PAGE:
I recently had a moment to dine at one of Santa Fe’s newer Italian restaurants, Trattoria a Mano. They describe themselves as a neighborhood Italian spot, featuring a combination of northern and southern Italian cuisine, depending on the season. They opened roughly a year ago and quickly developed a reputation with our staff for having fabulous food at fair prices while taking great care of our guests. I decided it was time to try it myself. I got lucky one Monday afternoon when I wandered in right at five and found myself ahead of the dinner crowd, getting a corner seat with a full view of the place and complete attention of the staff.
Ari greeted me cheerfully and immediately guided me through the menu, explaining her favorites as well as the most popular items. Rather than asking me to pick, she took the initiative and had the kitchen make an impromptu sample plate of the calamari fritti and the grilled octopus. Of course, I had no idea what wine I would get with those, so she yet again took charge (kindly) and paired one for me. I quickly learned that my trust in her was very well placed – the calamari refreshingly different than I have normally had and the octopus avoided the overall spongy nature it can have without being overcooked. The flavors were refreshingly rich without being brazen. This combination echoed through the meal: I savored the orechiette al sugo (fennel sausage, tomato, spinach, calabrian chile, pecorino sardo) as my entrée paired with robust red table wine, thoughtfully offered by Chris, the server. I finished my experience with the crostata di pinoli (pine nut tart `a la mode, lavender and crushed raspberries) for dessert that I coupled with a sherry (of course, right? It would be sacrilegious if I didn’t). I have an incorrigible sweet tooth so you would think the dessert would be my fondest memory. It wasn’t, at all. And, it was dang good. I was so delighted by the meal that preceded and the staff’s enthusiasm for my experience that the dessert simply provided a balanced end to the meal versus overshadowing it.
From the beginning Trattoria spoke to me through both their cuisine and the spirit of their service. As I relaxed into the entree the finer points of the atmosphere settled over me. There were clear nods toward the Italian influence, but it was sprinkled within a more universal old-world charm. Antique bicycles greeted you as you entered, used as both art and furniture. The walls were a simple, soft white punctuated with wrought iron balcony facades. All of this was framed in dark wooden tones – the tables, chairs, wall trim, and ceiling. Although the kitchen is open, the behind the scenes noises stay respectfully on the other side of the counter as to not interrupt the quiet, European feeling music that punctuated the aesthetic for me.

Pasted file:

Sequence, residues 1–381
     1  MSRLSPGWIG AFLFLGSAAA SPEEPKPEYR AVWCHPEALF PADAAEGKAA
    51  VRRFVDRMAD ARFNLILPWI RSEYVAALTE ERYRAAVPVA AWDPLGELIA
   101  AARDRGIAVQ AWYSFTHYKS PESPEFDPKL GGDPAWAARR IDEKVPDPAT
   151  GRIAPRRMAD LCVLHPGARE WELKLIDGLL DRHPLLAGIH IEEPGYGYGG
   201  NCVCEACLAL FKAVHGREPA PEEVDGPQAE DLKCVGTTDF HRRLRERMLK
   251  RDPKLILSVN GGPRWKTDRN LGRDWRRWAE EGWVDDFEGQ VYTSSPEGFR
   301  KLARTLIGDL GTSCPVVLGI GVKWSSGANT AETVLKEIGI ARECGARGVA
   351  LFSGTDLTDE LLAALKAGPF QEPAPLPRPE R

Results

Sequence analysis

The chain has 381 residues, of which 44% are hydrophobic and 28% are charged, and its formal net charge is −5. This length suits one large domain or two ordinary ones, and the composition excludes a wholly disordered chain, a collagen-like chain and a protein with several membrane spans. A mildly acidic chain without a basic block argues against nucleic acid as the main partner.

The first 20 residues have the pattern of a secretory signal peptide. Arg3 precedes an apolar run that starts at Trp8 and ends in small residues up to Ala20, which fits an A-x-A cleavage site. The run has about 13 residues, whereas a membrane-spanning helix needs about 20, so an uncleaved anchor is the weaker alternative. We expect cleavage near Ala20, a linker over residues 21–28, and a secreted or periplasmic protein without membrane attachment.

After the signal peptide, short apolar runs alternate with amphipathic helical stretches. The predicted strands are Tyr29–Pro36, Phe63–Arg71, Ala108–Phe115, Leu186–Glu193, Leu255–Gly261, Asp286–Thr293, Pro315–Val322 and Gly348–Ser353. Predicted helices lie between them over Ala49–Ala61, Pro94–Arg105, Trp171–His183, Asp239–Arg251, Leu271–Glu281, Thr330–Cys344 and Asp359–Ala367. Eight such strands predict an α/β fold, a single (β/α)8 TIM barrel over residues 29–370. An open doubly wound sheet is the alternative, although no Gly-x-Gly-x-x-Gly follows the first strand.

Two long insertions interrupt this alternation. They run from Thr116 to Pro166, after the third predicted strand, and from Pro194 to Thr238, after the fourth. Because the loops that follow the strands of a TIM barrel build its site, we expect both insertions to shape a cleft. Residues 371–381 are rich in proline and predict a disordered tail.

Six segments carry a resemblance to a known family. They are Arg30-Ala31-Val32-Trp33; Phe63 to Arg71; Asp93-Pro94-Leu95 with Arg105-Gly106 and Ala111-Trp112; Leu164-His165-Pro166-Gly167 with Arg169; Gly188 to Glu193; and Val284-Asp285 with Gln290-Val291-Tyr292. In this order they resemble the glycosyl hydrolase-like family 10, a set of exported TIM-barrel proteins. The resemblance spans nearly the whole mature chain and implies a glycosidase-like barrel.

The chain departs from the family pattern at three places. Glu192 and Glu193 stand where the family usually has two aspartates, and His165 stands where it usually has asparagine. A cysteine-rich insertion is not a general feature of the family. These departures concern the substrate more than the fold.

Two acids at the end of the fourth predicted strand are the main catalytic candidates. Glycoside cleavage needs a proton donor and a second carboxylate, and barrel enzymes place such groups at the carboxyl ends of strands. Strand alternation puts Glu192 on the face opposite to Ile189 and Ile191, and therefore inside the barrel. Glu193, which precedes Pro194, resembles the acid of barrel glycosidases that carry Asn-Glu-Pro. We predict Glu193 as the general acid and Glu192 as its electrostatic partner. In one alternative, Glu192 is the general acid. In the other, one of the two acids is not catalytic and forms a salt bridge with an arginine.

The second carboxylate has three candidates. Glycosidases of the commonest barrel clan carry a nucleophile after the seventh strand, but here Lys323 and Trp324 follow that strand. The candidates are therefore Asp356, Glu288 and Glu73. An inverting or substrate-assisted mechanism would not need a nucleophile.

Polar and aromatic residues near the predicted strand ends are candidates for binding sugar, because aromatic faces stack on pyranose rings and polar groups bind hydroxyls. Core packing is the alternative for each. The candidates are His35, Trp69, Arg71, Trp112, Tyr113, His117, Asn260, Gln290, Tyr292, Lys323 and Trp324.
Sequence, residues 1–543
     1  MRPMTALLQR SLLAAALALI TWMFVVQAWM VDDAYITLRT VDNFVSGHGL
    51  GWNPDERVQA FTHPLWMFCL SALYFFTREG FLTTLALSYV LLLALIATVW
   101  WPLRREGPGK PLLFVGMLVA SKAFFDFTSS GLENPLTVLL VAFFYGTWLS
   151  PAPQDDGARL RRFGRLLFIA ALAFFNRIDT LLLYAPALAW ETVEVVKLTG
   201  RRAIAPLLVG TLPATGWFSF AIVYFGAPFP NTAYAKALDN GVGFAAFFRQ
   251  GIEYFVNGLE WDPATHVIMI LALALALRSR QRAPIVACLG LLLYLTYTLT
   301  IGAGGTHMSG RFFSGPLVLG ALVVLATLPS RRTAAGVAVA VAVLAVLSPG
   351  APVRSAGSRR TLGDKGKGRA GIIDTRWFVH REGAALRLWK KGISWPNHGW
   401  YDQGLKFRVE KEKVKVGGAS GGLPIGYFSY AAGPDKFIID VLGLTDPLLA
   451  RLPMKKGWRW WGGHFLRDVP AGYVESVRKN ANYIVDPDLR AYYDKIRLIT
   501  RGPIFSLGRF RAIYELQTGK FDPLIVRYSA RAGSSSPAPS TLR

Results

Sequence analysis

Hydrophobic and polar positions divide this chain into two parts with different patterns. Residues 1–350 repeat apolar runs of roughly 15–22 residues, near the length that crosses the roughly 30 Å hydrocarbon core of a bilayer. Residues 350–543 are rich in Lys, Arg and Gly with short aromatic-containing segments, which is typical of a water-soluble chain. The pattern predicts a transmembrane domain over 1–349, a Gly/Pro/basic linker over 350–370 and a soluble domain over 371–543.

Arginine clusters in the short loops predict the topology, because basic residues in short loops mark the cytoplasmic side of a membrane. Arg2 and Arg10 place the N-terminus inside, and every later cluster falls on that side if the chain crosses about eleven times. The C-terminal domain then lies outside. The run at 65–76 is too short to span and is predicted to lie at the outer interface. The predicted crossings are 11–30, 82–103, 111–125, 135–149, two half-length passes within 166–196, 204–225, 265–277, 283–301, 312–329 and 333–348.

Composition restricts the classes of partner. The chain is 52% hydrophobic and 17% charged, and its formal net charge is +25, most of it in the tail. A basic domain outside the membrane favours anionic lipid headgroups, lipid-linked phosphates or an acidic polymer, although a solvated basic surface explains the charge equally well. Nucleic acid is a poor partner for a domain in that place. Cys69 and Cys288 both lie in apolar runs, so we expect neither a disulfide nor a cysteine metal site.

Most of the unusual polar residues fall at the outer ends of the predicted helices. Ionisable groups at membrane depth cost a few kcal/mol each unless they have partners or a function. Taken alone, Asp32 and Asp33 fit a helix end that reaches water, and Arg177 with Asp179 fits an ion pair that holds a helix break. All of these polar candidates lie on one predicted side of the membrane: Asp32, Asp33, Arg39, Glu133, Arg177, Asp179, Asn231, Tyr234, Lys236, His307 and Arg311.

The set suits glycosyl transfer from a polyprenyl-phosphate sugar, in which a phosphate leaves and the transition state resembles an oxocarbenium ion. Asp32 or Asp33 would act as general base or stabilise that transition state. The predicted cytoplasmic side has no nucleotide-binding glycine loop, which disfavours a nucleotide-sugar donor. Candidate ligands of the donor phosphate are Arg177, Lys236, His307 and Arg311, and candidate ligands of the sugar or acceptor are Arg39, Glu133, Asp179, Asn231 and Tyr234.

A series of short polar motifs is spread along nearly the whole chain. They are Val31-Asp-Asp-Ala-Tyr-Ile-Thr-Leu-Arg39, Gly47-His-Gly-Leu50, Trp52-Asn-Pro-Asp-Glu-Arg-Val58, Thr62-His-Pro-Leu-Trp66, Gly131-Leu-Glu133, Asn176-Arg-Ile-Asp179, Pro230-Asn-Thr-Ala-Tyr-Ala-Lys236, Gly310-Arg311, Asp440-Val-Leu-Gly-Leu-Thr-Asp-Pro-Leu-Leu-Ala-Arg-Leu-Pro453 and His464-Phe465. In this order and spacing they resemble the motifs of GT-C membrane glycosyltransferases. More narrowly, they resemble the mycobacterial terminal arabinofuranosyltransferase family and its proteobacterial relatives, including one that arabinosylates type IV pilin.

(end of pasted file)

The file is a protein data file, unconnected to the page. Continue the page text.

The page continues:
This combination of comfort, flavor, friendliness left me feeling sated and more than happy with the value. I’m lucky to work and live in a city that has amazing meals of all price points available within a stone’s throw. I’m even luckier to have experienced many of them. And, I’m the luckiest of all to have enjoyed some of the more astonishing choices. Trattoria a Mano joins my two other favorites (Sazon and Paper Dosa) as one of my go-tos for a special occasion of guaranteed quality.
I’ll finish by clarifying that I am by no means a vegetarian. I rely heavily on a vegan co-worker and around the town word of mouth opinions to help me guide folks to the less meaty side of Santa Fe. To that end I’d like to share a quote from a friend of a friend about Trattoria a Mano: "I went out to eat with a friend on Friday to Trattoria a Mano off the plaza. It was expensive but it was so, so, so yummy and the hostess and the cook and the waiter all came out and talked to me about vegan options and what they can do and what they could make. It was so delicious! They made pasta with mushrooms and shallots and asparagus in a white wine sauce - worth every penny."
Bon Appétit! Sam of the IOG